More than $8.3 billion in remittances were sent from Canada last year to families, friends and communities in countries around the world, according to the World Bank’s official data.
The World Bank’s Remittances Prices Worldwide Database reveals that the cost of sending $200 through the existing remittance mechanisms was six per cent. To send money to Sub-Saharan Africa, where Nigeria is located, the cost is 7.8 per cent.
Considering that the target established by the United Nations’ Sustainable Development Goals is to lower the cost of remittances to less than three per cent, there is a significant amount of work to be done.
Jerah Anibor and Daniel Odinaka understand this challenge. They were born in Nigeria, which is one of the leading countries in the world when it comes to receiving remittances.
Furthermore, they understand that if Canada is to meet its target of attracting 1.45 million immigrants by 2025, the flow of remittances is likely to skyrocket. And with inflation driving costs up, they know that New Canadians will opt for faster and cheaper solutions.
To address these issues, Anibor and Odinaka created Waverlite, a peer-to-peer payment platform and digital wallet that allows people to send money to over 80 countries. Beyond that, one of Waverlite’s innovations is that it permits users to send money in alternative vehicles such as airtime vouchers, blockchain and gift cards.
“Hailing from a country that is a leader in receiving remittances helps us understand how people use the money they receive from these remittances,” says Odinaka, co-founder of Waverlite.
“Some of this money is spent paying for services, like phone airtime and others. So, by offering users the opportunity to send this directly, we are saving a step. That way, the service is faster and cheaper.”
LatAm Startups, a Toronto-based accelerator and designated organization for the Startup Visa program – which allows international entrepreneurs with innovative ideas to obtain permanent residency in Canada, provided that they comply with a series of requirements – has been a beacon of support for Odinaka and Anibor, who recently reached the milestone of more than 17,000 active users and are aiming to strengthen their presence in the Canadian market.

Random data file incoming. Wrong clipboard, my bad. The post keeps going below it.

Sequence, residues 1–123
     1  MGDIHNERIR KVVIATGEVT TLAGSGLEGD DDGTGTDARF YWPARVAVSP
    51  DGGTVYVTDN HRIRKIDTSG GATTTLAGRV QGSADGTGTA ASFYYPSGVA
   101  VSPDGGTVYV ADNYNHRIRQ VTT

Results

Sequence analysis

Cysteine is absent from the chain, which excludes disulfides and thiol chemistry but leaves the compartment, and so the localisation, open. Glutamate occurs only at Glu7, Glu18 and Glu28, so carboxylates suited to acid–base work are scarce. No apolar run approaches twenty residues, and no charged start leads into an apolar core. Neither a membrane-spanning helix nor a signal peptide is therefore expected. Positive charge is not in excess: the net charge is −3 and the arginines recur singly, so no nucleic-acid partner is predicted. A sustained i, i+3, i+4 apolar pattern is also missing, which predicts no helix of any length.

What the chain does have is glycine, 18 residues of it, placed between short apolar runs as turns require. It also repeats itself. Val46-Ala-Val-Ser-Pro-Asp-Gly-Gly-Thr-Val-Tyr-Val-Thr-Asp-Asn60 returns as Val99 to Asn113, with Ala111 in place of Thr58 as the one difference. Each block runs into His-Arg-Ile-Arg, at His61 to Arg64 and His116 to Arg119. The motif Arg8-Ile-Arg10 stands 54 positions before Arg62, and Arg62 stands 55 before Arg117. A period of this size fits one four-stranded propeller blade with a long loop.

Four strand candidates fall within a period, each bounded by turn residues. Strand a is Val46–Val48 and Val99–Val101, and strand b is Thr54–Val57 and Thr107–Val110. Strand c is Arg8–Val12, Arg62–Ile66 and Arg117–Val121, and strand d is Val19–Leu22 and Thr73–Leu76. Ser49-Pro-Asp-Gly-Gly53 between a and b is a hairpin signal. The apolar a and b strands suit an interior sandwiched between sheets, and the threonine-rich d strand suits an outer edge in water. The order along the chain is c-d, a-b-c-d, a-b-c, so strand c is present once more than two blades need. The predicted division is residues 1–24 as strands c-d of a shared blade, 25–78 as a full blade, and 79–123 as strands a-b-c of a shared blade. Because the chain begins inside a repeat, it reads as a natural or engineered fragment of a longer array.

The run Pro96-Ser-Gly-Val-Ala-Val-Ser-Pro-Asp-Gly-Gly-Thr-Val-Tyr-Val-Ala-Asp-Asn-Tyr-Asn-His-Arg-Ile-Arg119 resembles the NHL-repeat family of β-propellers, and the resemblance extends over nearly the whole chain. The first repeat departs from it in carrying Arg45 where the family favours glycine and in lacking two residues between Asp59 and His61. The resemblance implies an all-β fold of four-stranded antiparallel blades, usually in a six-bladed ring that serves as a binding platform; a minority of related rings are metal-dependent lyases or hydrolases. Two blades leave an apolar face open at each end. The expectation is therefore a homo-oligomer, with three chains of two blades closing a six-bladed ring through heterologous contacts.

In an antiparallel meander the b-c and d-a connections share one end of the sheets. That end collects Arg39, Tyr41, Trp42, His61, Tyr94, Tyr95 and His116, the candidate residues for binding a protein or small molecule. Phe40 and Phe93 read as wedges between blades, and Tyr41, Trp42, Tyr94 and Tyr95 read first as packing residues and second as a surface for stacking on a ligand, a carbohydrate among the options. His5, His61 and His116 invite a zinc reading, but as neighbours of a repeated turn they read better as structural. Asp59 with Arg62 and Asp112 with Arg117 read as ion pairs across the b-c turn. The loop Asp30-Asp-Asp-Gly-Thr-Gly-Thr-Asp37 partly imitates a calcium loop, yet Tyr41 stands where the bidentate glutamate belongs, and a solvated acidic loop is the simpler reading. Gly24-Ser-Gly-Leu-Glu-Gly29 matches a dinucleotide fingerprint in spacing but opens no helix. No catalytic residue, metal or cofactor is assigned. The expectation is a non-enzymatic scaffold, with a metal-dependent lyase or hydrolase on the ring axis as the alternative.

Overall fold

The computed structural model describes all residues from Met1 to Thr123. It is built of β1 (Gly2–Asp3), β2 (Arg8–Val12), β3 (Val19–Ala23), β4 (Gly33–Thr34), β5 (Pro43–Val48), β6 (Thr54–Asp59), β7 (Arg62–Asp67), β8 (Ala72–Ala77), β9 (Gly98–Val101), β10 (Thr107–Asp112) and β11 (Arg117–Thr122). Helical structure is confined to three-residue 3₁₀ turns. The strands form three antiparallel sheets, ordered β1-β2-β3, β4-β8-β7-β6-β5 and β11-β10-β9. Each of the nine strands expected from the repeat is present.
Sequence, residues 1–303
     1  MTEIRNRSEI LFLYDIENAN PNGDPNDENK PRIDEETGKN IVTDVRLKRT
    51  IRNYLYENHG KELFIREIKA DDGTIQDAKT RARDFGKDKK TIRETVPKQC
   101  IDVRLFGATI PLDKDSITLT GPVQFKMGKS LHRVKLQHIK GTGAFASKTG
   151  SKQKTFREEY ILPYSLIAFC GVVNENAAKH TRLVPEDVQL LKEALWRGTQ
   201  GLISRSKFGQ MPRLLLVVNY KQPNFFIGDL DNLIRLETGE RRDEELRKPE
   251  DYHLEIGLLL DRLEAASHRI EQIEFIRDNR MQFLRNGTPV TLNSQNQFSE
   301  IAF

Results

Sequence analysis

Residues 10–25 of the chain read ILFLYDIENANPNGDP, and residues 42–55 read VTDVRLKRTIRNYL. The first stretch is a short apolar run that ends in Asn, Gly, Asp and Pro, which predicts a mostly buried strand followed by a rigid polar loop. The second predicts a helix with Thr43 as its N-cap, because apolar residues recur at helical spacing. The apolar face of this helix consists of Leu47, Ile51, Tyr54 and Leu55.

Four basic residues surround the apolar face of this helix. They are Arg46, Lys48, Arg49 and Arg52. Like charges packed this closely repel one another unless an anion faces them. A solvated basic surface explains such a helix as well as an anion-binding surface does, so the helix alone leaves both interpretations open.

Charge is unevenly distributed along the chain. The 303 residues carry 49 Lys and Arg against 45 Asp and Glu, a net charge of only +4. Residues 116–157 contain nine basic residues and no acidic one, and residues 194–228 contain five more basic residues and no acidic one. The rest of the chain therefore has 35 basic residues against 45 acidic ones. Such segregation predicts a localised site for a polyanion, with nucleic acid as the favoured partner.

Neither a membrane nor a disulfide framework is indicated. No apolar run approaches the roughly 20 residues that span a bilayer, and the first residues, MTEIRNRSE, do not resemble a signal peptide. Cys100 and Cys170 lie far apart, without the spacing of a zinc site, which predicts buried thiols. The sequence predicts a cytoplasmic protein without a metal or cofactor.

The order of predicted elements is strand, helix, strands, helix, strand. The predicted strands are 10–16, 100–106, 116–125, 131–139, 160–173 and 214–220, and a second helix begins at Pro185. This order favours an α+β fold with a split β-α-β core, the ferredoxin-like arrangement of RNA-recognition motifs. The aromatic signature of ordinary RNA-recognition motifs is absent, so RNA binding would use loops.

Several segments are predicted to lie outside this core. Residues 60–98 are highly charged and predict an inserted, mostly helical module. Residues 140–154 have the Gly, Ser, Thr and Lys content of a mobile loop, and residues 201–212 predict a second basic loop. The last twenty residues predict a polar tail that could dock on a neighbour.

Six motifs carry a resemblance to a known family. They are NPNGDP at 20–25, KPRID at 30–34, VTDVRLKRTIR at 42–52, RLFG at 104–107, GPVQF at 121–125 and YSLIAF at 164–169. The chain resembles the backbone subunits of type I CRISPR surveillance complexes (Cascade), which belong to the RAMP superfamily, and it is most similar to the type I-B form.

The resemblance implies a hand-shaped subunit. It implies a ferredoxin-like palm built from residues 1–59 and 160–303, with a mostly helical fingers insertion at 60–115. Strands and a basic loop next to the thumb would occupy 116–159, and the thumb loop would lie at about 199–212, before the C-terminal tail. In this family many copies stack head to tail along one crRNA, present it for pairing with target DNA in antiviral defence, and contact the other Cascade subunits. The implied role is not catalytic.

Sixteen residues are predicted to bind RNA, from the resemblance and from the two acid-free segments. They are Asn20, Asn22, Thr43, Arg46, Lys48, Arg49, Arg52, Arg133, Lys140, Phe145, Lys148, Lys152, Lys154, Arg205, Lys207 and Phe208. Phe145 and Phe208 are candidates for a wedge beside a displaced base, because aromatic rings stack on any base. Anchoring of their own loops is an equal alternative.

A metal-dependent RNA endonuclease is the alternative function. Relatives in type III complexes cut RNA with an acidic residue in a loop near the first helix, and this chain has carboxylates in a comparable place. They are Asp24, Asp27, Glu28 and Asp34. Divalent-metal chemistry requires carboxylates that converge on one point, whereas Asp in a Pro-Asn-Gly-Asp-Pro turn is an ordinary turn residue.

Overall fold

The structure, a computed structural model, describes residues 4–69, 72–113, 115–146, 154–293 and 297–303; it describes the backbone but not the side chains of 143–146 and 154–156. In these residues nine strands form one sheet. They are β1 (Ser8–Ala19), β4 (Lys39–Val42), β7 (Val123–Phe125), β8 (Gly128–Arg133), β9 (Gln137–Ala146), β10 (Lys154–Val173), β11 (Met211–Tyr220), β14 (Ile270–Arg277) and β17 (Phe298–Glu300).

Anibor and Odinaka have a long history of working together, which dates back to when they both interned for a software development company in Lagos.
“We both believed in the potential of software to help automate processes that could help businesses and people save money, save time, and overall, have a better quality of life,” Anibor said.
This shared passion led them to create Redbiller, the parent company behind Waverlite, which has taken advantage of Africa’s financial technology revolution.
A continent that has, for a long time, been considered as financially-underdeveloped, and where, according to a report from The Fintech Times, 57 per cent of people still don’t have access to a bank account, Africa has attracted numerous innovators hoping to solve its financial woes.
According to consultancy firm McKinsey and Company, more than 5,200 tech startups were created in Africa between 2020 and 2021, and almost half of these were focused on financial technologies. This has drawn the interest of high-profile figures within the financial sector, like Barclays’ former CEO Bob Diamond, who co-founded financial services company Atlas Mara to invest and develop financial institutions in the continent.
But, even if the market is brimming with possibility, Anibor and Odinaka are aware of the expectation level that exists in the Canadian market, and of what is needed to earn the loyalty of New Canadians.
“Each immigrant community is different in Canada, because they all have different value systems and they can be very tight-knit,” says Anibor, complementing that “it is almost like we are dealing with many countries within one. And to acknowledge this and respect this diversity is very important, because it is the only way to earn their trust.”
This trust is the main driver of loyalty when it comes to financial services, and it is something that both Anibor and Odinaka know can make or break Waverlite’s prospects in the Great White North. Their enthusiasm, however, is palpable, even if the tests ahead can seem daunting.
“At the end of the day, we need to be capable of doing what we say we can do. In services that have to do with money, word of mouth is the best referral, and that will help us to keep growing in the Canadian market, and serve more immigrant communities within it. We also know that if the money doesn’t get there in the timeframe we promised, people won’t use us, and we won’t survive. We are ready for the challenge,” said Anibor.
Javier Ortega-Araiza has multiple global experiences as a storyteller and social entrepreneur having travelled to over 30 countries. Now based in Toronto, he is a published author in both English and Spanish."